This piece originally aired on NBC

Three area schools have received recognition for their college-readiness initiatives.

“They’re learning the skills needed to apply to college, questions to ask when they go on college interviews,” Saranac High School Principal Steven Grenvill said.

CFES Brilliant Pathways, a New York-based organization that helps connect educators to college preparedness resources, honored Crown Point Central School, Saranac High School and Ticonderoga Middle and High School as “Schools of Distinction.”

Around 60 students are designated members of the CFES program, enrolled in grades nine through 12.

According to CFES, schools “must fulfill a meticulous and varied set of criteria.”

Saranac teachers bring a variety of resources, opportunities and people to campus to help spark students’ interest in higher education.

They also take students to college campuses to introduce them to the registrar and financial aid office.

Grenvill said some of the students involved in their CFES program never considered going to college before being introduced to the idea through this initiative.

“There are a lot of students out there in our district, and I think this goes for every district, that do not have the opportunities that others do,” he said. “We identify those kids who really with a little guidance and a little bit of pushing, so to speak, might be able to attend college and end up having a good-paying job if we just give them a little bit of help.”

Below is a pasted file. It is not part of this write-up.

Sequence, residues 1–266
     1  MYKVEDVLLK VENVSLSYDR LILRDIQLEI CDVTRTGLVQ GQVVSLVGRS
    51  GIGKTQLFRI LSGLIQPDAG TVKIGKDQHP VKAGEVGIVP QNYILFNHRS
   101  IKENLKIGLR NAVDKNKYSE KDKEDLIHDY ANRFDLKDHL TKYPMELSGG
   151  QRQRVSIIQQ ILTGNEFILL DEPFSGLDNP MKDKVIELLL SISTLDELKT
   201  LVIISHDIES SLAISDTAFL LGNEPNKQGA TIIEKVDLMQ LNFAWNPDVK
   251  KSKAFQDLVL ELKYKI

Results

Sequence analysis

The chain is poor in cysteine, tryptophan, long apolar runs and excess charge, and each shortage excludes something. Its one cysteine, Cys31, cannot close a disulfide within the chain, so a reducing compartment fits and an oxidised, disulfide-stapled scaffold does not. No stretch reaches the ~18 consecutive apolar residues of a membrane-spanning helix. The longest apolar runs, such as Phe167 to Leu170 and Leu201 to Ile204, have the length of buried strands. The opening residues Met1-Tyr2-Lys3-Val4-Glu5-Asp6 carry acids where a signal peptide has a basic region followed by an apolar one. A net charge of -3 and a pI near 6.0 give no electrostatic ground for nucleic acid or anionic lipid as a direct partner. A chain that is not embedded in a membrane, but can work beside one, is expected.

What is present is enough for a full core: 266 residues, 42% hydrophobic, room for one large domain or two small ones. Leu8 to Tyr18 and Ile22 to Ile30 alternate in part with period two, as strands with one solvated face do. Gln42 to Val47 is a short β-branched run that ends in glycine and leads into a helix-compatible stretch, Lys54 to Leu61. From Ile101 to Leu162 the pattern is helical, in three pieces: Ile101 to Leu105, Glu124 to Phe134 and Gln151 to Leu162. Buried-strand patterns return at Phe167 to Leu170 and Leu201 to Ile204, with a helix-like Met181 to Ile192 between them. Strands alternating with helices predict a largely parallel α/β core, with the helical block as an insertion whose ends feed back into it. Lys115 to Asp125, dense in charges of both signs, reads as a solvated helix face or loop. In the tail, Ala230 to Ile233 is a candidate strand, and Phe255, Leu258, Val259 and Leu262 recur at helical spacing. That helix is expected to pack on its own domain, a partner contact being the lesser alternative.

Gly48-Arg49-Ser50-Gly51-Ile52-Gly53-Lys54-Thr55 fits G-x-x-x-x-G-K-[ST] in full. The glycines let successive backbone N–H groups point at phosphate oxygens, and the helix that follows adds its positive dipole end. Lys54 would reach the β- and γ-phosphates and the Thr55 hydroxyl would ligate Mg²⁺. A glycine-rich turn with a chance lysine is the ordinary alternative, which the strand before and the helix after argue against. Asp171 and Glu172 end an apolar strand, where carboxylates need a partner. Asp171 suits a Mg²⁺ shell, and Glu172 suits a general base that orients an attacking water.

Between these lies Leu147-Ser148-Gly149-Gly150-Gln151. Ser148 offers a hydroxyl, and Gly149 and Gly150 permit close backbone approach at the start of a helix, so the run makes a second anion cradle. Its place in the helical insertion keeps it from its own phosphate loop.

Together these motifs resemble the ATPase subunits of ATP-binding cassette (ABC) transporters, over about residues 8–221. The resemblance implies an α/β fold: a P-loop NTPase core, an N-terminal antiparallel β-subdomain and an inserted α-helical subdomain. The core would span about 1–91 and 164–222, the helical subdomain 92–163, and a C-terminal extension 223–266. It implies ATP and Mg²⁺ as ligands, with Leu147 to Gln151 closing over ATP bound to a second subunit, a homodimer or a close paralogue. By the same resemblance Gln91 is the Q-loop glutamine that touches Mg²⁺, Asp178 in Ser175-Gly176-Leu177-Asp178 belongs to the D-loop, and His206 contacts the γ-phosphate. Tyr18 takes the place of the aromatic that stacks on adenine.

Grenvil said opportunities are made available to all students, but that organizers are keenly aware of the students who might need an extra push, from students in low income families to children who lack strong adult role models.

After three successful years of the program, staff are taking it a step further.

“We’re taking them on field trips to places, Swarovski. We’re taking them to Nova Bus,” Grenvill said. “We’re taking them to a variety of different businesses, so they can get an idea of what goes on there and what it takes to become an employee of those business.”

Saranac High School has received the “Schools of Distinction” honor two years in a row.

“When you take a look at these kids and their sense of wonder and their sense of realization that ‘Hey it’s possible that I could go to college or it’s possible I could work in an industry in the area and make a good wage and make a good living,” he said. “(One of the things that is amazing is) the look on their faces as they walk through the factories or through a college campus and realize,’This is doable. I can really do this.'”